Lennon, Clayton, McCurry, and band locked themselves in a recording studio. "We'd rehearse, cut the song live, then fix the little bits that didn't quite work. We were all together in this tiny room, playing as loudly as we could and singing our hearts out. And it just felt really good this time around." Fiona, Peter Frampton, and Marilyn Martin also lent a hand or a voice here and there.

A new songwriting partner, a new producer, a new recording approach, a new band, as well as the artist's new-found maturity all contribute to making "Mr. Jordan" - the first Julian Lennon album in nearly three years - a major musical event. Harder-rocking and more experimental than anything he has release so far, "Mr. Jordan" unveils new facets of Julian's considerable talent.

Lennon explains: "Believe it or not, the stuff that's on this album is what I would have liked to do on the second album. The first album was mainly an experience of being involved in doing a record. But this is where I would have liked to be all along. I see my future music as getting even rawer than this, more down-to-earth; but at the same time experimental."

"Mr. Jordan" also marks a decidedly new vocal approach for Julian. "There again," he comments, "I am singing on this record like I would have liked to sing four years ago. I'd always been at a certain level; it wasn't down, it wasn't necessarily up. I'd tried some falsetto stuff, but that was about it. For the first time, I tried singing really low and moving up to a higher register. I realized, almost accidentally, that my vocal cords were an instrument with far more possibilities than I had explored up to that point."

Julian continues: "I watched this film many years ago called 'Here Comes Mr. Jordan,' which was re-made in a modern-day version called 'Heaven Can Wait'. The film told the story of a musician who was taken away from earth before his time by one of God's associates in heaven. Mr. Jordan is the fellow who puts him back on earth so he can try to fulfill his dreams, to experience the rest of his life. The song 'Now You're In Heaven' has a direct relationship to this idea, and I decided to call the whole album 'Mr. Jordan.'"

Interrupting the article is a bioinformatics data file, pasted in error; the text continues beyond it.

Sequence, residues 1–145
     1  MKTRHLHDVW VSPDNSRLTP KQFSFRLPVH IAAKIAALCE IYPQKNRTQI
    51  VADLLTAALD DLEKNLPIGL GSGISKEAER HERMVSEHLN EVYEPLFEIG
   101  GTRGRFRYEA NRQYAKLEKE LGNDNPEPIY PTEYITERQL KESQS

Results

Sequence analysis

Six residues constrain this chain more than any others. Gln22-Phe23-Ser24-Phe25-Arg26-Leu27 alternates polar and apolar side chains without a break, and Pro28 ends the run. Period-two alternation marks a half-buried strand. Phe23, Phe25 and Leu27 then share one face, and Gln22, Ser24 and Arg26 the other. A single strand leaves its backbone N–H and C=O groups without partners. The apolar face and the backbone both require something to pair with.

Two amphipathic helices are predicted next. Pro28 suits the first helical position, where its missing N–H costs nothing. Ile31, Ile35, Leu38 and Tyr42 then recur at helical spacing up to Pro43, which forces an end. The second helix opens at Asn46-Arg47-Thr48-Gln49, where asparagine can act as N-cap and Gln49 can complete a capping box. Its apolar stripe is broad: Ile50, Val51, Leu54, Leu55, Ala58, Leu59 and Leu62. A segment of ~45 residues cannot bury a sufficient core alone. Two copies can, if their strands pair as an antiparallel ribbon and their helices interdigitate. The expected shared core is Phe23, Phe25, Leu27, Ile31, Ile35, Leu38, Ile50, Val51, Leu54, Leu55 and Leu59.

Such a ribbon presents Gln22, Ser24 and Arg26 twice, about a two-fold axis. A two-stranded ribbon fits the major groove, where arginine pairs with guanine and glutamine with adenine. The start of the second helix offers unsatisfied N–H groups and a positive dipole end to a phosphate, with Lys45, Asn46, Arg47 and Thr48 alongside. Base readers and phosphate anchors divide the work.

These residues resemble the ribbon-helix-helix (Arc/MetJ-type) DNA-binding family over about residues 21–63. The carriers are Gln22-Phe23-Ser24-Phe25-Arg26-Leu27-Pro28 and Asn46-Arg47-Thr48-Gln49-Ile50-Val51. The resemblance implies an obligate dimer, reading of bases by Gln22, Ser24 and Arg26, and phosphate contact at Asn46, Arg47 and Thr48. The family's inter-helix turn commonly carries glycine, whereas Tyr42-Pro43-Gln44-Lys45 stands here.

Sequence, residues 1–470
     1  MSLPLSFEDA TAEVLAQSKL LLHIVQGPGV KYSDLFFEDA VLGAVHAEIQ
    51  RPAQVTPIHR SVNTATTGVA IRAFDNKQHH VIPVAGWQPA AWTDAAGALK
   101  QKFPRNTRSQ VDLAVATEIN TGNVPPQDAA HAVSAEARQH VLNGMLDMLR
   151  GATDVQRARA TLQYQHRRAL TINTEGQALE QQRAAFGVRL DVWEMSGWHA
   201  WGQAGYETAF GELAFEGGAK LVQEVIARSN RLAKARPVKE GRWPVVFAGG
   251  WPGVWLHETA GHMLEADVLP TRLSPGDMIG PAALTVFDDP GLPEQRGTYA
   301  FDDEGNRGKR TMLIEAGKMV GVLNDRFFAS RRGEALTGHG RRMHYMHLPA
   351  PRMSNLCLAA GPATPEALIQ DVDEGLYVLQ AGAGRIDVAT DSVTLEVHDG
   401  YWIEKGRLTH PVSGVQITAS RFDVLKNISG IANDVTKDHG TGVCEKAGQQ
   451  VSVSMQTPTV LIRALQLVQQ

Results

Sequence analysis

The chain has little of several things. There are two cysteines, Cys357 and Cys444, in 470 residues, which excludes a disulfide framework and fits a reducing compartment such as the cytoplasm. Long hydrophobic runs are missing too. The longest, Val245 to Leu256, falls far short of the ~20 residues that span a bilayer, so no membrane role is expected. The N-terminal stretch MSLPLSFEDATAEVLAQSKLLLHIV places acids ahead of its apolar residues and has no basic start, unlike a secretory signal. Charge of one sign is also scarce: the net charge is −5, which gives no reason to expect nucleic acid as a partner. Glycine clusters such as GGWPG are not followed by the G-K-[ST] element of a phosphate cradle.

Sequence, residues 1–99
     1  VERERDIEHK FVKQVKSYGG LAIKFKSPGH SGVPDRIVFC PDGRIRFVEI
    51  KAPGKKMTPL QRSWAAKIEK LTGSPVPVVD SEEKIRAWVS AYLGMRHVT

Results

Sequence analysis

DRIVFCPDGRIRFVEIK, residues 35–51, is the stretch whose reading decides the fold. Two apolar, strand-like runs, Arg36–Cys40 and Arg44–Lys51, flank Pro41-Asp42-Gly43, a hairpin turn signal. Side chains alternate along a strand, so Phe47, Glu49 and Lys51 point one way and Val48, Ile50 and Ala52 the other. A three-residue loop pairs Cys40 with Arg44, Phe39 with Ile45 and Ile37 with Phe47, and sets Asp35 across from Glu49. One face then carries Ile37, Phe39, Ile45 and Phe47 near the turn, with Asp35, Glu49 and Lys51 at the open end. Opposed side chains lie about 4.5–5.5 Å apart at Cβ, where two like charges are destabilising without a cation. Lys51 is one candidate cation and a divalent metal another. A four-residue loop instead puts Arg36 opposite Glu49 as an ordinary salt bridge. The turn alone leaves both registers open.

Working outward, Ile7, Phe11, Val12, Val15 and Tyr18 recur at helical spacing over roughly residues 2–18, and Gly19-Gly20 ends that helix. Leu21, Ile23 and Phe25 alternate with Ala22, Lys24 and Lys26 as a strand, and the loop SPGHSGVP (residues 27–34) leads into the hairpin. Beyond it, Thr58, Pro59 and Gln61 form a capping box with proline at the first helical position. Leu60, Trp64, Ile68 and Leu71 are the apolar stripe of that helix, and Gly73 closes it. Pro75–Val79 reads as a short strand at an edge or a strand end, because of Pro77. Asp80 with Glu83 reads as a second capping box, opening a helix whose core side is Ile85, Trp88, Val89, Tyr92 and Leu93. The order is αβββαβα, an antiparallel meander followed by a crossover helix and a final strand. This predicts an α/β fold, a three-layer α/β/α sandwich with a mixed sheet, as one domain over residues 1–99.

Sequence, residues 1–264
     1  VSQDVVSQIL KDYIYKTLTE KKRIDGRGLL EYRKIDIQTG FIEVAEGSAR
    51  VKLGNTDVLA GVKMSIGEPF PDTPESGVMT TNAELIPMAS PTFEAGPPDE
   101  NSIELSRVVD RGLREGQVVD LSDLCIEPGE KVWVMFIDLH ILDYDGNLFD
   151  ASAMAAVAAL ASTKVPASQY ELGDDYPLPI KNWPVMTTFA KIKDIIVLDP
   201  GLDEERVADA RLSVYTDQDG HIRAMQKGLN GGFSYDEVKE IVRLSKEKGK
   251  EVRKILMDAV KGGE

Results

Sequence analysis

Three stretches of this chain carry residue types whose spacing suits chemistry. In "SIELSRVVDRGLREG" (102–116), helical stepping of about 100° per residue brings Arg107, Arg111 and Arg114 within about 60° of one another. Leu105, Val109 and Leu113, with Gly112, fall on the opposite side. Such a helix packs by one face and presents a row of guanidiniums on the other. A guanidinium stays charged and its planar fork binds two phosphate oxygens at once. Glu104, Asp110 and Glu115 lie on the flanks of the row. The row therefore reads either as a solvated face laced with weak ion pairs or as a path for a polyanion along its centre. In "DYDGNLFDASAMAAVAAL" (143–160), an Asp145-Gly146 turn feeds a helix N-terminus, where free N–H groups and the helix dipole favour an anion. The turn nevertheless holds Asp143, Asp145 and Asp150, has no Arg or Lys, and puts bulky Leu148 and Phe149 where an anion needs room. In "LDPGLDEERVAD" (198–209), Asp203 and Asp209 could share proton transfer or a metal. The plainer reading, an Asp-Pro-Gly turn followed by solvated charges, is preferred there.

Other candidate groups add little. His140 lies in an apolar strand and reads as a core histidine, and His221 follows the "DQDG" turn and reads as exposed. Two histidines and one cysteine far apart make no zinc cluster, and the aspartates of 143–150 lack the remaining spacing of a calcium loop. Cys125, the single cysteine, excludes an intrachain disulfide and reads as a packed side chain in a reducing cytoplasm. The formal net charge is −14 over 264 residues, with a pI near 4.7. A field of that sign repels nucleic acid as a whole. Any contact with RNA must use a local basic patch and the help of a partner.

"The album didn't intentionally have a theme at first, but it grew out of the songs as they started coming together in the studio. Each individual song had something to do with an experience we went through in life, and these connections emerged about love, life, death, and our beliefs and feelings. Just before we finished the album, I was thinking of the idea of a fallen angel, of an angel that was going up to heaven but ripped its wings off because it wanted to come back down to earth - to experience more of life and fulfill dreams."

From the acoustic "Angillette" to the mid-tempo and infectious "You're The One," from the rockabilly of "I Get Up" to the neo-psychedelic touches of "Open Your Eyes," the new Julian Lennon album is one that finds the artist boldly experimenting, running forward into musical self-rediscovery. A work of undeniable maturity and breadth, "Mr. Jordan" reaffirms Julian Lennon's place in contemporary music. It marks the beginning of what promises to be a fascinating chapter in an already noteworthy career.